The social protection strategy, which the caretaker cabinet pledged to amend and adopt within six months in May 2022, offers a solid foundation for reforming the current privilege-based system into a rights-based one.11 One of the vital reforms stipulated by strategy is the introduction of a mandatory pension, a move previously shelved by Parliament. Passing the draft law for a pension would ensure income security for retirees and help sustain the National Social Security Fund the country’s main safety net for formal private sector workers which is on the verge of collapse.12

The current social reality in Lebanon is not due to technical and financial constraints, it is instead the result of the ruling elites’ conscious policy choice to preserve a broken social contract that sustains their defective system.      


1 ESCWA. September 2021. “Multidimensional poverty in Lebanon (2019-2021) Painful reality and uncertain prospects.”

2 Maktabi, W., S. Zoughaib, and S. Atallah. July 2022. “Impoverish and Conquer: How has the state responded to the financial crisis?” The Policy Initiative.; The Policy Initiative. “Lebanon’s Financial Crisis Interactive Dashboard.”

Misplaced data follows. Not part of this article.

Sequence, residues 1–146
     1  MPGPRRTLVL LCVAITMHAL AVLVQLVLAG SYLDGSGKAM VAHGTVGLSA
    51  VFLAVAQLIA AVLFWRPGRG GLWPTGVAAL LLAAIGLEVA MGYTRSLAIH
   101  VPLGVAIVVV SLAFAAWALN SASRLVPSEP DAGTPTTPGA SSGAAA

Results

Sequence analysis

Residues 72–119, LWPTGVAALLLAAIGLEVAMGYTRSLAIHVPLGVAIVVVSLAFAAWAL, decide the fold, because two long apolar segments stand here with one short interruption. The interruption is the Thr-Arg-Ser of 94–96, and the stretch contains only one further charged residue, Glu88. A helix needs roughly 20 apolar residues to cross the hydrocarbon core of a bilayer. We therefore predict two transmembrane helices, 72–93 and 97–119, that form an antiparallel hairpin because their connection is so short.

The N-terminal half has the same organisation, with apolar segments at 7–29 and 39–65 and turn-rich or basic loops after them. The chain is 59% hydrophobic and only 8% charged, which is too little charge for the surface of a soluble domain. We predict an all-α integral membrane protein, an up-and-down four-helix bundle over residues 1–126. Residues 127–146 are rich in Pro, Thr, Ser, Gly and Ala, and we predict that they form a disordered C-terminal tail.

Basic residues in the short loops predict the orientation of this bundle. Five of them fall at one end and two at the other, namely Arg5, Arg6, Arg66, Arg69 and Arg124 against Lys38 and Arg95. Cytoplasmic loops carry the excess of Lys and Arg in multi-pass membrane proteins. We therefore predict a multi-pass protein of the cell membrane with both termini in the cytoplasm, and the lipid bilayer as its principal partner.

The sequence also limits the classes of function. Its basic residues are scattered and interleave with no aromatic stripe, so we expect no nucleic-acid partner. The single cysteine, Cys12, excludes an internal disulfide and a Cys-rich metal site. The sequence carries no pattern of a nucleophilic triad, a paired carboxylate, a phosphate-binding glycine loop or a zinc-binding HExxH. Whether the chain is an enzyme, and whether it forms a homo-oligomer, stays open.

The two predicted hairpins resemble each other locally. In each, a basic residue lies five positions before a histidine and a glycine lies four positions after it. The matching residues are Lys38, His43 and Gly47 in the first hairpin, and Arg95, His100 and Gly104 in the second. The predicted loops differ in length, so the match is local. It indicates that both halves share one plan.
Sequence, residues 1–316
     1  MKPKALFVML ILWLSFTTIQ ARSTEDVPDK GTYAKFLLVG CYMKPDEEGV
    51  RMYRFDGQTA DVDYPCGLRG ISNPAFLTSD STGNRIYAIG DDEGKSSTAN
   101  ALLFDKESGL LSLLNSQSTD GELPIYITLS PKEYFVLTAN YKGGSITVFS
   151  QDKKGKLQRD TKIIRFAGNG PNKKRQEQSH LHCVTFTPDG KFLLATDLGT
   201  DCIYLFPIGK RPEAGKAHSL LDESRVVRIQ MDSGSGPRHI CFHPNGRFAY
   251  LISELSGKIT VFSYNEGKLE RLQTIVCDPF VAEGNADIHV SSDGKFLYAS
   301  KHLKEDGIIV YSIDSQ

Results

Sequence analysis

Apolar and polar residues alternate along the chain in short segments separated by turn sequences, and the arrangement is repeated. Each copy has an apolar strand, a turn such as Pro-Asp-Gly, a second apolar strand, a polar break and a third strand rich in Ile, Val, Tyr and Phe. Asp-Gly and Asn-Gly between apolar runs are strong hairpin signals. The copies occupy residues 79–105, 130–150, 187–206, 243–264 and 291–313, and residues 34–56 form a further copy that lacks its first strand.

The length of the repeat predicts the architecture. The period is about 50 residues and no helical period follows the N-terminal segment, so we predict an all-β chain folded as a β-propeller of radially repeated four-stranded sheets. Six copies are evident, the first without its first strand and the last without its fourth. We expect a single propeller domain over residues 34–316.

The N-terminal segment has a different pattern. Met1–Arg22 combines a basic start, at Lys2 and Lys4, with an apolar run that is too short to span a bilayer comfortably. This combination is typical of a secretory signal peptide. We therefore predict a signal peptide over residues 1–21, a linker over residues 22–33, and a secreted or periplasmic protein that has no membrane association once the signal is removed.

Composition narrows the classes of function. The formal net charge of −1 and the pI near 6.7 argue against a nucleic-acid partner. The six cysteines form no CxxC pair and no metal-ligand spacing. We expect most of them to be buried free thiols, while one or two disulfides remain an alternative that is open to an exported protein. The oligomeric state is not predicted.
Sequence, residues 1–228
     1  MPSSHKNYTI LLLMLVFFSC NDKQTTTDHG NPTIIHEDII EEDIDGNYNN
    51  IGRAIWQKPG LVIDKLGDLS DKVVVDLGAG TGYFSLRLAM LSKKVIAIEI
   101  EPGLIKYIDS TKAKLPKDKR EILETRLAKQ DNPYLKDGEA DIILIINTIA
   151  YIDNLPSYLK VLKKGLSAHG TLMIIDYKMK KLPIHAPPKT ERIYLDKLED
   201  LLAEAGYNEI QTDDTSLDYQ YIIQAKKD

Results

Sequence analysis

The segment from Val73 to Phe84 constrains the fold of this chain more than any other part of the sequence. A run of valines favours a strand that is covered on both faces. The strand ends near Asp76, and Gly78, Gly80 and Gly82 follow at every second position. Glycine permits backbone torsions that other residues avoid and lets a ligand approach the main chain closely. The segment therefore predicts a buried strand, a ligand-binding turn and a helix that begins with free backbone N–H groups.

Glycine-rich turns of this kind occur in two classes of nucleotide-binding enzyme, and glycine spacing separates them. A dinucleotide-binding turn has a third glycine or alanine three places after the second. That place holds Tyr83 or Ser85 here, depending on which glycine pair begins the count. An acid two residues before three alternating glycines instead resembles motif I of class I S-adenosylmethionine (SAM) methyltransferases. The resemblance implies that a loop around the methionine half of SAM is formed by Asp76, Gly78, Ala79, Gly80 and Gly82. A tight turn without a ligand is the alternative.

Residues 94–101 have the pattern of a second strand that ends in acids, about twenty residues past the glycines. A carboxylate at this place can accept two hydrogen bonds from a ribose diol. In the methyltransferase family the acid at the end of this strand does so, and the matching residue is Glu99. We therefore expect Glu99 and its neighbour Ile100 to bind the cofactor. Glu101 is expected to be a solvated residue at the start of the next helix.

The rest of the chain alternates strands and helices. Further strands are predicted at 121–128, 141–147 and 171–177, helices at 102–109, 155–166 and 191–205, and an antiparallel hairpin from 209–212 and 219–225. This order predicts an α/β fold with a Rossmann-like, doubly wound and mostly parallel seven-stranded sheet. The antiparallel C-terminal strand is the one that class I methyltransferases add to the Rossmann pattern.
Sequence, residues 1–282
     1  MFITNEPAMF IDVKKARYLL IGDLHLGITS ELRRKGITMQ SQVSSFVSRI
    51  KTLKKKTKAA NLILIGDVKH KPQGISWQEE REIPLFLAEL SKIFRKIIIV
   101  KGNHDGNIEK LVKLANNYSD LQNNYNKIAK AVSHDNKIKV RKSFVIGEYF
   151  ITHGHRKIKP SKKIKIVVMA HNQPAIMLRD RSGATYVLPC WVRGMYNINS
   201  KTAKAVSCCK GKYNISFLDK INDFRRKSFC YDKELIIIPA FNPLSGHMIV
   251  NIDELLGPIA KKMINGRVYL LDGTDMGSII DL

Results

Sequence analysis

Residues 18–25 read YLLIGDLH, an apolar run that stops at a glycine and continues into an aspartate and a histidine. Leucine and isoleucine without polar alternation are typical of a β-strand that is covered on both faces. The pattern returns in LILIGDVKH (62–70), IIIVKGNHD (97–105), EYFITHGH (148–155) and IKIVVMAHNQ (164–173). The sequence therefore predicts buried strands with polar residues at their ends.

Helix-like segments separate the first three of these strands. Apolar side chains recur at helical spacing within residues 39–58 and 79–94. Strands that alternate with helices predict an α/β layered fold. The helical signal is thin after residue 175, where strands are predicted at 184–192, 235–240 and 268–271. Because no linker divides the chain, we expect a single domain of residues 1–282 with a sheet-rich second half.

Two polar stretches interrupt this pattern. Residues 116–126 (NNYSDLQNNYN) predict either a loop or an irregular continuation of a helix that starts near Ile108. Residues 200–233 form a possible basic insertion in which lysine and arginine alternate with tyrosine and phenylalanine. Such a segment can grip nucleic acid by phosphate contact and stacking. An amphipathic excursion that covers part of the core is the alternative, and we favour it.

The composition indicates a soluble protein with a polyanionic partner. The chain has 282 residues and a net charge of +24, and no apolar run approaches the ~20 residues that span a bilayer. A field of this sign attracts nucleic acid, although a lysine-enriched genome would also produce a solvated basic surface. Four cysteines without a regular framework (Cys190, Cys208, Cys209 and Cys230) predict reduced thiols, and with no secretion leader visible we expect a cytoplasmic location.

3 Maktabi, W., S. Zoughaib, and S. Atallah. November 2022. “Near Miss: Lebanon’s ESSN evades elite capture.” The Policy Initiative.

4 Banque du Liban. Intermediate Circulars 13152/2019, 13228/2020, 13245/2020, 13331/2021, 13355/2021, Basic Circular 13384/2022

5 World Bank. December 2020. “Subsidy reform note.” World Bank Group.

6 Chehayeb, K. April 2021. “The Weight of Lebanon’s Unsustainable Subsidies Program.” Tahrir Institute for Middle East Policy.

7 Mokuo, Y. and R. Jaradat. December 2020. “Hurtling toward a precipice: with no parachute attached.” UNICEF.

8 Banque du Liban. Basic Circular 13236/2022.

9 Note that Banque du Liban publishes the trading volume regularly but does not indicate the shares purchased and sold. Given that the Sayrafa rate is lower than the market one, we assume that the trading volume is predominantly the amount of dollars bought through Sayrafa.

10 International Labour Organization and UNICEF. May 2021. “Towards a Social Protection Floor for Lebanon.” International Labour Organization.

11 Maktabi, W., S. Zoughaib, and R. Eghnatios. August 2022. “Intentions are not enough: Lebanon must adopt the National Social Protection Strategy.” The Policy Initiative.

12 Merhej, K., and K. Chehayeb. March 2022. “The Full Story Behind the Looming Collapse of the National Social Security Fund.” The Public Source.